Reports say a South African student embarked on a spending spree and treated herself to the good things of life after a bank error credited her account with about $1 million.
On the 1st of June 2017‚ Sibongile Mani, a student at South Africa’s Walter Sisulu University (WSU) received the payment for her monthly food allowance. But while other students received their usual monthly allocation of R1‚400 ($100), she received in error, a payment of R14.1 million ($1 million), according to the local website Times Live.
Investigations have revealed that Mani was overpaid from the account of the National Student Financial Aid Scheme (NSFAS) which gives out loans to student to be repaid after graduation.
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The error was not discovered until sometime in August, and the authorities say they would hold the student accountable for every dollar she (mis)spent.
On Tuesday, a spokesperson for Walter Sisulu University confirmed the incident and said the student had already spent some of the money.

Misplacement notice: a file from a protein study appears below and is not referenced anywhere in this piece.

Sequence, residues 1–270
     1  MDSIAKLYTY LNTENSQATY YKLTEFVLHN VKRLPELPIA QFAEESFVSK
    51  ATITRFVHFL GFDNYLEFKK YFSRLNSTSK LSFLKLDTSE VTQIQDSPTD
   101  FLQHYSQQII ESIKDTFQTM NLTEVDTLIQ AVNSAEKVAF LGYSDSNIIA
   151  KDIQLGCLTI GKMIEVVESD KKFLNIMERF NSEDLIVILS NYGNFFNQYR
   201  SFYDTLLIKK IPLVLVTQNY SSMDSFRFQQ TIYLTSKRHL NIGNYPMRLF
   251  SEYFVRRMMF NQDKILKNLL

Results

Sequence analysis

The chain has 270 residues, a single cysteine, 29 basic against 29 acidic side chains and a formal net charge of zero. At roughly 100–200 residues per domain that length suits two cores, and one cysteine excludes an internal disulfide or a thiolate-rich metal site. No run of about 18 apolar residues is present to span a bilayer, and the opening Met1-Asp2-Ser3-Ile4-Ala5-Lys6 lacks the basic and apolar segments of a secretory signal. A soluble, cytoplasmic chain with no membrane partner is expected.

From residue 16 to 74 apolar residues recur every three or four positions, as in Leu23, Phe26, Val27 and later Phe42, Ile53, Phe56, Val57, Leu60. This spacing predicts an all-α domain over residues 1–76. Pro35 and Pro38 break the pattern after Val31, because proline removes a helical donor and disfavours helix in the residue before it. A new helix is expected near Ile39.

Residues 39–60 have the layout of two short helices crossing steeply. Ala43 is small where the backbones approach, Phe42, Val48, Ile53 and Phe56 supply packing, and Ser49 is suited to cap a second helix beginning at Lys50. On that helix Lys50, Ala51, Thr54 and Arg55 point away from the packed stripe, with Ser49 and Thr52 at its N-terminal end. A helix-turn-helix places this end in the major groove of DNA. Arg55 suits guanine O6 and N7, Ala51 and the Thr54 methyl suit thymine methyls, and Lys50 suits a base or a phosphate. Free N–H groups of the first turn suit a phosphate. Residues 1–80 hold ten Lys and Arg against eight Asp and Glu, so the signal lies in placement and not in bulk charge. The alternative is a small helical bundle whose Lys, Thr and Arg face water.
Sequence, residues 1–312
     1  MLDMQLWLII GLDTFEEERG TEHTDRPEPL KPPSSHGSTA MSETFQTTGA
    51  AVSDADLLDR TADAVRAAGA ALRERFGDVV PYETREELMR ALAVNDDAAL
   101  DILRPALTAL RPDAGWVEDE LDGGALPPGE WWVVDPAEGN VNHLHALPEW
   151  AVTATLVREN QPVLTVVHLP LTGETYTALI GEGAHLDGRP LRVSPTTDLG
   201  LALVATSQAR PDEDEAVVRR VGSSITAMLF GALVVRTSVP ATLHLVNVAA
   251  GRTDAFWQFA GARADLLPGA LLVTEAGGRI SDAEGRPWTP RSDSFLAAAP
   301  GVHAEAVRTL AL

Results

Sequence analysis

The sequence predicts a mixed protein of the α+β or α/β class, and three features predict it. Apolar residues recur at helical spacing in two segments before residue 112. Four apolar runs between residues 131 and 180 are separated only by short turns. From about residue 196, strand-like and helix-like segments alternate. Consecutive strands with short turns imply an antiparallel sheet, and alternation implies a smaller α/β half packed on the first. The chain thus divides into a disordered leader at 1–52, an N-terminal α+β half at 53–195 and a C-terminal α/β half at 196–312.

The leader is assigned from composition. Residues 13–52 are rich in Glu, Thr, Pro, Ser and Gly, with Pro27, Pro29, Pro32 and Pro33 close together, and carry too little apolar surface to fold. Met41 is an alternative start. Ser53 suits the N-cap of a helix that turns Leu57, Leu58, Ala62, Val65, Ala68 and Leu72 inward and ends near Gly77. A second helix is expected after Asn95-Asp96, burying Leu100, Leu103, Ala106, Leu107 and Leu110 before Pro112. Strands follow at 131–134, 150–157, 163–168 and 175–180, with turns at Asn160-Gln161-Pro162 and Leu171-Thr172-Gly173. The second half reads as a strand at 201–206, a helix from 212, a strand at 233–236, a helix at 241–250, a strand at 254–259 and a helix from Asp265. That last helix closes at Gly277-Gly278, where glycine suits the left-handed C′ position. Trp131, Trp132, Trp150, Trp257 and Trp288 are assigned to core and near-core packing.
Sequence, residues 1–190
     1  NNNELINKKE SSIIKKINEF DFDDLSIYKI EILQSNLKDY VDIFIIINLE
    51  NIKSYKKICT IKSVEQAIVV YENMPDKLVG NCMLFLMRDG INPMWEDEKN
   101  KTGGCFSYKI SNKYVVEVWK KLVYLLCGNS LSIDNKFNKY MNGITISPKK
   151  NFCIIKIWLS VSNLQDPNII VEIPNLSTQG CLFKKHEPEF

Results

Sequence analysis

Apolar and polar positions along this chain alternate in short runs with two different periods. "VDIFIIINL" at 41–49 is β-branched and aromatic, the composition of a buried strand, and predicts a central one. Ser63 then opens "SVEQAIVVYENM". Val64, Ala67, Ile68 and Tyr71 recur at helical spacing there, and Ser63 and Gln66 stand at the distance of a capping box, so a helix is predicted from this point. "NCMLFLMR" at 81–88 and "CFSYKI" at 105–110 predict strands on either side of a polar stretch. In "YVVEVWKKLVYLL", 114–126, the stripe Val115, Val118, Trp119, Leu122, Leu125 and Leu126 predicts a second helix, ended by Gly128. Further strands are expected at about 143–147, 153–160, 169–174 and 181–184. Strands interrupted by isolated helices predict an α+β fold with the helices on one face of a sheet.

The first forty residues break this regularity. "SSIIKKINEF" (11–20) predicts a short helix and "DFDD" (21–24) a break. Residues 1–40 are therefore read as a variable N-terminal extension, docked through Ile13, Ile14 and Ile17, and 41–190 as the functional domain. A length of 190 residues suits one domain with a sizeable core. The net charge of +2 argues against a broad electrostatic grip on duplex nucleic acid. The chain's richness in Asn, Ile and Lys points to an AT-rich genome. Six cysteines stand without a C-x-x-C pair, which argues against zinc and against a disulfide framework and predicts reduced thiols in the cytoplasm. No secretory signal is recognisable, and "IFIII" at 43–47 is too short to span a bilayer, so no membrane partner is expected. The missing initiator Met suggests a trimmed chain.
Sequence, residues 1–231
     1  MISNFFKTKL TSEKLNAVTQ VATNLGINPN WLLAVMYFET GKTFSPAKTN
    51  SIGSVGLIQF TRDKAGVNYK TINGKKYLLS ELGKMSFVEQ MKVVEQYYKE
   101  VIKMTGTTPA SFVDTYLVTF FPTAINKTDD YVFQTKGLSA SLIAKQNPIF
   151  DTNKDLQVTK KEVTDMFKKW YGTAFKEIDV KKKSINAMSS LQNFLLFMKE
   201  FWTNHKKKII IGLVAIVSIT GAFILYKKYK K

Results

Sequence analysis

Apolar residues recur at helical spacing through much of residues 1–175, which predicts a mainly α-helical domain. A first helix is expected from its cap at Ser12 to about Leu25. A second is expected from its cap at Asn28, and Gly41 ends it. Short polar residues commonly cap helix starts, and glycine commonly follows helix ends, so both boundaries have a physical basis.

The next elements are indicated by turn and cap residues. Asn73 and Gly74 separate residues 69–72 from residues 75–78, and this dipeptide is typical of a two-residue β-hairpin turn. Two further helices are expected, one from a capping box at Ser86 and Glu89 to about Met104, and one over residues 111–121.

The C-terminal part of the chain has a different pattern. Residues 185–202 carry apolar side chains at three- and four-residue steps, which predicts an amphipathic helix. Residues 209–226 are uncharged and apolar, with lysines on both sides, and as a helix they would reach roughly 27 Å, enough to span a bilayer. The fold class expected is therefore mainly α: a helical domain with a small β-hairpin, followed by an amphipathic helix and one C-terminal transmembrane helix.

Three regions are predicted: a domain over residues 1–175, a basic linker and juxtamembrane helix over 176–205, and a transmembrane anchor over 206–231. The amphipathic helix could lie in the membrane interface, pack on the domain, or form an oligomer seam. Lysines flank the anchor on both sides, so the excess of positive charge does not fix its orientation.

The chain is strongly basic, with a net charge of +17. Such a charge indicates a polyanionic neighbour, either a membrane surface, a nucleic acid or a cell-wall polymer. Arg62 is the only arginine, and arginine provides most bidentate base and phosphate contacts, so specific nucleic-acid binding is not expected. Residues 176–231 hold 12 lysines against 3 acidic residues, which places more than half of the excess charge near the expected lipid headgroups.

”I can confirm that she received R14m into her Intellicard account,” university spokesperson Yonela Tukwayo told reporters.
”I can also confirm that the student is liable for every cent,” said Tukwayo.
Intellicard is the company that administers the account of students financed by the NSFAS. The company issues a debit card to students, which is credited with a monthly allocation for food and books.
According to Tukwayo, people began to suspect the student after she suddenly acquired a taste for a very lavish lifestyle which involved splurging on designer outfits, expensive weaves and a brand new Iphone 7.
The university spokesperson added that she suspects a possible case of collusion between the student and some of the merchants who are authorized to sell food and books to students, vowing that the university would launch an investigation into the incident.
However, reports in News24 say Ms. Mani has since come out to refute the allegations of financial misappropriation.
In a Facebook post, Mani who is an official of a Pan-African student governing body, admits receiving the money, but claims it has been reversed.
”The answer is simple. NSFAS made a mistake and allocated more money in a wrong account and that account happened to be mine,” she wrote.
”So I am not denying anything, the money was indeed loaded on the 1st of June and reversed on the 13th August.”
She argued that she filed a report to the student’s representative council immediately when she discovered that she had been overpaid.